Bradford defeated Leeds 8–4 to win the Challenge Cup Final at Wembley in 1947. The 1947–48 Challenge Cup final was notable as it was the first rugby league match to be attended by the reigning monarch, King George VI, who presented the trophy. It was also the first televised rugby league match as it was broadcast to the Midlands. Unfortunately Bradford lost 8–3 to Wigan and Frank Whitcombe became the first player to win the Lance Todd trophy on the losing side. The 1949 Challenge Cup final was sold out for first time as 95,050 spectators saw Bradford beat Halifax. In 1951–52 Bradford were runners up in the league but beat New Zealand at Odsal in the first floodlit football match of any code in the North of England.

In 1953, a crowd of 69,429 watched Bradford play Huddersfield in the Challenge Cup's third round. This was Bradford's highest ever attendance. They also won the Yorkshire Cup final 7–2 against Hull. Bradford and Leigh were the first rugby league clubs to stage matches on a Sunday in December 1954, although there was opposition from the Sunday Observance lobby.

Bradford's support declined rapidly in the 1963 season, attracting a record low crowd of 324 against Barrow. The club went out of business on 10 December 1963, having played just 13 matches; winning 1 and losing 12, scoring 109 points and conceding 284.

1964–1995[edit]

A meeting on 14 April 1964 saw 1,500 people turn out to discuss the formation of a new club, and those present promised a £1000 to help get plans for the new organisation underway. Amongst those who led proceedings were former players Joe Phillips and Trevor Foster. On 20 July 1964, Bradford Northern (1964) Ltd came into existence. The club's new side had been built for around £15,000 and had Jack Wilkinson as coach. On 22 August 1964, Hull Kingston Rovers provided the opposition in the reformed club's first match and 14,500 spectators turned out to show their support, as Odsal hosted its first 10,000 plus gate for a Bradford Northern match since 1957.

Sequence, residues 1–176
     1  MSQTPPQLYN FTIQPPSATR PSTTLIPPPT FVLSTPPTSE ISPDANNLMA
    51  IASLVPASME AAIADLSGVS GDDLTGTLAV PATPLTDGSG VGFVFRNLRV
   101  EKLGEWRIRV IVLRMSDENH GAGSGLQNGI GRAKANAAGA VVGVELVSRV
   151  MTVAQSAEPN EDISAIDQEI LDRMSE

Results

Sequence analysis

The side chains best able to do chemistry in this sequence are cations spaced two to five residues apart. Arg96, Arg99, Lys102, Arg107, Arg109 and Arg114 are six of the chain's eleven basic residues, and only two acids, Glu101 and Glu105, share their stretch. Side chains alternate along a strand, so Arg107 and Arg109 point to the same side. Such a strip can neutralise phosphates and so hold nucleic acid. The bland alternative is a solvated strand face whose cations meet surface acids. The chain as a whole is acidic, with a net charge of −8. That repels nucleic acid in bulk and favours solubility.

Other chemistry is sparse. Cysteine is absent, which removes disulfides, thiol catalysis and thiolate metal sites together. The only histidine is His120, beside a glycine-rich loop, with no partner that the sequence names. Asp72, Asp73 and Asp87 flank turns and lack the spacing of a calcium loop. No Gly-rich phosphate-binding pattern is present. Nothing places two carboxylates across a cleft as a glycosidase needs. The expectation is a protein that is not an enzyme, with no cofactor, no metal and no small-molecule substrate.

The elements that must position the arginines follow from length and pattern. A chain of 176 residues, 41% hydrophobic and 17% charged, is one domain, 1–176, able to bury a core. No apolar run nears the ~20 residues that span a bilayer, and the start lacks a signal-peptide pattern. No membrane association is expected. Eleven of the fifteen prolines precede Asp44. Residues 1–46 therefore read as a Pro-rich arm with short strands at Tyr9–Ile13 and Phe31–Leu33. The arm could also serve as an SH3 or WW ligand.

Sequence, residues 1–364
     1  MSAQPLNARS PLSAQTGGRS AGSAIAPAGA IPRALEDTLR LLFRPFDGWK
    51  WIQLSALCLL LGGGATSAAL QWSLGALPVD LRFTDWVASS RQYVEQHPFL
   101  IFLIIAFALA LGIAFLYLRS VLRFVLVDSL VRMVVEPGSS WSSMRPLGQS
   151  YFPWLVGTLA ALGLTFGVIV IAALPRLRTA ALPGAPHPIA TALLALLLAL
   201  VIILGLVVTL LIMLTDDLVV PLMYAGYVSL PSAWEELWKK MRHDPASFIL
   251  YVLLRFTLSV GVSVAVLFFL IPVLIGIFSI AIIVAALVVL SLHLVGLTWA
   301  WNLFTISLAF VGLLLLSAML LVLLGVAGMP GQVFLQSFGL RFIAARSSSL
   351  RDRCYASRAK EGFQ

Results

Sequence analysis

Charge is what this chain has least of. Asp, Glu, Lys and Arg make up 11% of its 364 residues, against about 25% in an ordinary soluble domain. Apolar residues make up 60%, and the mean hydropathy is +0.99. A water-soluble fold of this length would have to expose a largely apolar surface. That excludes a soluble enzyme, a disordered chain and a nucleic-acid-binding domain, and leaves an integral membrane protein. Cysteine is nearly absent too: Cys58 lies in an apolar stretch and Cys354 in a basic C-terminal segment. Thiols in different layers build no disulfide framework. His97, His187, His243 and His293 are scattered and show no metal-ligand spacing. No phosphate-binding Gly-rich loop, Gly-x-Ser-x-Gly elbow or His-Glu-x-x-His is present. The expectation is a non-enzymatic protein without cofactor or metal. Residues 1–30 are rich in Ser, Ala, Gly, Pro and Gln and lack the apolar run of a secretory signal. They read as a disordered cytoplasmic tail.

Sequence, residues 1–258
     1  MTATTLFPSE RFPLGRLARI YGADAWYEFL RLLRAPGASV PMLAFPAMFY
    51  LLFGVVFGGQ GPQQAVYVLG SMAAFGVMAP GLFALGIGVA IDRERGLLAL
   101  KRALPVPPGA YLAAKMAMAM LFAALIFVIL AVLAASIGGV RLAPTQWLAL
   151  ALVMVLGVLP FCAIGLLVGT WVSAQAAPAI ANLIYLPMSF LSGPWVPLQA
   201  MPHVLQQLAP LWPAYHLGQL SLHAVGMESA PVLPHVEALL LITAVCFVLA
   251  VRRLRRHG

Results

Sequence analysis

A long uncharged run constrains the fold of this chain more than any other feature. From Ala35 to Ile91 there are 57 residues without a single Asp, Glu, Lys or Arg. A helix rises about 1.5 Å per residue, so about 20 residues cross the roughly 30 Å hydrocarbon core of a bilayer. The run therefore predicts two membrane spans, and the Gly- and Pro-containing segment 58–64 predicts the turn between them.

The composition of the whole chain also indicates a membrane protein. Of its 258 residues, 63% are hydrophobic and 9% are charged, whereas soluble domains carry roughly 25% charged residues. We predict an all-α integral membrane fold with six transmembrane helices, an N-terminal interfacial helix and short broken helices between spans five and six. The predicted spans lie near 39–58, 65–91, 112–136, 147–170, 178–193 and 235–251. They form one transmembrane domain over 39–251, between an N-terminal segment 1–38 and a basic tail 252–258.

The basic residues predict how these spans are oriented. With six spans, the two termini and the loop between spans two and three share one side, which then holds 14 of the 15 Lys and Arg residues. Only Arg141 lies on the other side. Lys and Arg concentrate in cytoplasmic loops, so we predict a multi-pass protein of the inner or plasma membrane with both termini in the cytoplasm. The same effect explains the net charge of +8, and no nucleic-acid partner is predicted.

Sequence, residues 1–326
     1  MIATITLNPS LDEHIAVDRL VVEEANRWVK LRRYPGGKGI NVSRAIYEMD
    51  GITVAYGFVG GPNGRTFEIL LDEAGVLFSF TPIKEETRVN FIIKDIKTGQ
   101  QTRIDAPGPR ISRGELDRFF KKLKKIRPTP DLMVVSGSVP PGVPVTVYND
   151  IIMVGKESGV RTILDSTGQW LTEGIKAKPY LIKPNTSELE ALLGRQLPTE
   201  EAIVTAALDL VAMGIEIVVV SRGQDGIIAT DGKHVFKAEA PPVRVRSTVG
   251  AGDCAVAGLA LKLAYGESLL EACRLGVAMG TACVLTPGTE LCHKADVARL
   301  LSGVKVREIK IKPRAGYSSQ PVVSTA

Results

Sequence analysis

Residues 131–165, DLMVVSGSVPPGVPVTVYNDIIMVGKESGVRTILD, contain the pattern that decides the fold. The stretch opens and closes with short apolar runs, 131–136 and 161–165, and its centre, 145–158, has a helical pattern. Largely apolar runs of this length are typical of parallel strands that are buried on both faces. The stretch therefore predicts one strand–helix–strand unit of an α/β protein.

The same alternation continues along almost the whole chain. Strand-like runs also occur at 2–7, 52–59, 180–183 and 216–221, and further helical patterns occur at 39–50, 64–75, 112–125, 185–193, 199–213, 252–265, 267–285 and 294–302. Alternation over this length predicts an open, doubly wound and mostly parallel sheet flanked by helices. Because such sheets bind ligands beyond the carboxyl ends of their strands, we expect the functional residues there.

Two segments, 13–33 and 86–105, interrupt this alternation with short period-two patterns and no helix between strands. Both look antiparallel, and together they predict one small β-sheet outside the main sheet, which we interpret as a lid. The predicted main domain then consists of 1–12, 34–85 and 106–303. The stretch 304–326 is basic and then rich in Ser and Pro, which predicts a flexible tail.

The reformed club won its first cup in 1965–66 by beating Hunslet 17–8 in the final of the Yorkshire Cup. In 1972–73 Bradford lost the Challenge Cup final against Featherstone Rovers 33–14. In 1973–74 Bradford won the Second Division Championship and were promoted back to the First Division. During this season Keith Mumby made his début, becoming the Bradford's youngest player at only 16 years of age, kicking 12 goals and scoring a try in the match against Doncaster. He went on to make a record 576 appearances for the club. In 1974–75 Bradford won the Regal Trophy 3–2 against Widnes.

Peter Fox joined Bradford as coach for the first time in 1977–78. Bradford won the Premiership final 17–8 against Widnes and were also Championship runners-up.

In 1978–79 Bradford appeared in another Premiership final this time losing 24–2 to Leeds. A year later Bradford won the Championship and Regal Trophy, Peter Fox winning the award for Coach of the Year. In 1980–81 the club made it back-to-back championships. In 1981–82, Bradford lost the Yorkshire Cup final 10–5 against Castleford and lost again in 1982–83, this time 18–7 against Hull. Keith Mumby won the award for First Division Player of the Year while Brian Noble won the Young Player award.

In 1985, Ellery Hanley left Northern to join Wigan for a then record transfer deal, worth £80,000 and a player exchange involving Steve Donlan and Phil Ford. By November 1987, Bradford had cash-flow problems and the local council refused to help financially, but appointed a special committee to administer the clubs' finances. In December 1987, desperate for cash, Bradford transfer-listed 22 players for a total of £210,000 plus Phil Ford for £120,000.